USF Health Working With The VA To Train Providers How To Care For Women Veterans
The Department of Veterans Affairs is working with USF Health to train providers to better care for women patients.
It's part of a five-year contract that involves bi-annual training sessions in downtown Tampa for hundreds of VA doctors and nurses from across the country.
While female veterans still make up only a small portion of VA patients, their population has more than tripled in recent decades, going from 160,000 patients in 2001 to 500,000 currently.
“A lot of (VA) physicians were used to taking care of our Vietnam veterans, World War II veterans, which majority were men, so you have these doctors that graduated from medical school many years ago that hadn’t been traditionally taking care of women veterans,” said Dr. Haru Okuda, Executive Director of USF's Center for Advanced Medical Learning and Simulation, which hosts the training.
Participants attend lectures on the latest updates in women's health care. They also practice procedures like breast and pelvic exams on mannequins that can mimic various situations a patient may experience, like fibroids or pregnancy.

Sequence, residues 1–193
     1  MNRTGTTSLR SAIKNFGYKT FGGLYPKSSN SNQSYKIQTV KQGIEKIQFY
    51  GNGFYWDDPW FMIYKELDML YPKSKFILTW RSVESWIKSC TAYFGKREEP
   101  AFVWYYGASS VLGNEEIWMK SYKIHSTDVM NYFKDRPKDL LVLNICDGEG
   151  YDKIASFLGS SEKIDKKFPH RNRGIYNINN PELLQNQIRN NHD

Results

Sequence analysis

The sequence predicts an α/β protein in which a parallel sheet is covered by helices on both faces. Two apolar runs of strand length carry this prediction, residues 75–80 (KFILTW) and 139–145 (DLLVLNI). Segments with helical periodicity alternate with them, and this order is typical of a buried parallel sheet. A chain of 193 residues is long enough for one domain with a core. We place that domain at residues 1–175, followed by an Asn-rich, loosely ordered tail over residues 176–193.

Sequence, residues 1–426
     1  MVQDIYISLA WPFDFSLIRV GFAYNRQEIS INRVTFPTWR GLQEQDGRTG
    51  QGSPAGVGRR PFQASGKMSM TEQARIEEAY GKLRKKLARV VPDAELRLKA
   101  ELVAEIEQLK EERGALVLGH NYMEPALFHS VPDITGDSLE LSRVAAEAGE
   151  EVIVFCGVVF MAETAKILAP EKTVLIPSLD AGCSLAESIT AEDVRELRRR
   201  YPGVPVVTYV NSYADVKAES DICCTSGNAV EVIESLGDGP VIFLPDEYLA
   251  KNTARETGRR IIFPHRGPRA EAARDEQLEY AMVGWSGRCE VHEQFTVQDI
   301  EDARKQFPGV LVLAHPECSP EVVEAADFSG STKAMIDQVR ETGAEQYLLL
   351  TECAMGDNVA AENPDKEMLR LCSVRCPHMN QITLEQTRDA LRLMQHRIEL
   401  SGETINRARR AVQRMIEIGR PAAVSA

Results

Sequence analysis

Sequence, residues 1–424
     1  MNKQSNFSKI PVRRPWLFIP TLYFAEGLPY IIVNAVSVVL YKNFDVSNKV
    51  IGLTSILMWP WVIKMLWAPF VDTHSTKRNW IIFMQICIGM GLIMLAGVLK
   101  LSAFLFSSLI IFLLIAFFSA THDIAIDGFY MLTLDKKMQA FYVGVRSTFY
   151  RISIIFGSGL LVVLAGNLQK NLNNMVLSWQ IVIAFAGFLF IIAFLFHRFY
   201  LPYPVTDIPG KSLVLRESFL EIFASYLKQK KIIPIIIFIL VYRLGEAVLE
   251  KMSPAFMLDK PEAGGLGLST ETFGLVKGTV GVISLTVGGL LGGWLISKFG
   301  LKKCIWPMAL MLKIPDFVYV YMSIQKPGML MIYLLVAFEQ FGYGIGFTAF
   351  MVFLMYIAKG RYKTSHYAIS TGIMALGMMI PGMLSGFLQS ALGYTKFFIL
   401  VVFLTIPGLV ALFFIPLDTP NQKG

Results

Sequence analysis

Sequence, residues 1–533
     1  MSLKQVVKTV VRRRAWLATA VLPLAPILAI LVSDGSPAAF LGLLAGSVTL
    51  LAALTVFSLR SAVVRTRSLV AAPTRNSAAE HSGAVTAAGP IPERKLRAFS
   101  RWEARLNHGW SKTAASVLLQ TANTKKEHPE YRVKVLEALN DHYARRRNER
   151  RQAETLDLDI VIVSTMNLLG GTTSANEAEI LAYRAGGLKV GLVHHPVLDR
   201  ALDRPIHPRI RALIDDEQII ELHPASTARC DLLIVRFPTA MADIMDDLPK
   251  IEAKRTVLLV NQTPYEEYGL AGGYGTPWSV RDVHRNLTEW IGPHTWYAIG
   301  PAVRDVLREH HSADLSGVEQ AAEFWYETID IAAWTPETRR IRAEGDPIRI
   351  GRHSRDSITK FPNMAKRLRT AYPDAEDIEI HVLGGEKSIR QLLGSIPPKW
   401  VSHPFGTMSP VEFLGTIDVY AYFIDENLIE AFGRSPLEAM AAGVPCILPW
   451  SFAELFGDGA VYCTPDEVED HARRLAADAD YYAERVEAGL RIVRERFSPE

What makes USF Health stand out, according to VA officials is its large staff of “GTA’s” or “gynecologic teaching associates.” These women are trained to allow providers to practice on their bodies, creating an almost-real patient experience.
“They can teach them different techniques, they can teach them different ways of saying things to a patient that will make them more comfortable," said Barbara Palmer, Deputy Field Director of Women Health Services for the VA’s Central Office.
The training, known as the Women’s Health Mini Residency Program was piloted back in 2007 and started off as regional training. It grew to a national program over the years and was previously hosted in Orlando, with help from USF staff.
Organizers said having a five-year contract in Tampa makes for a more consistent program.
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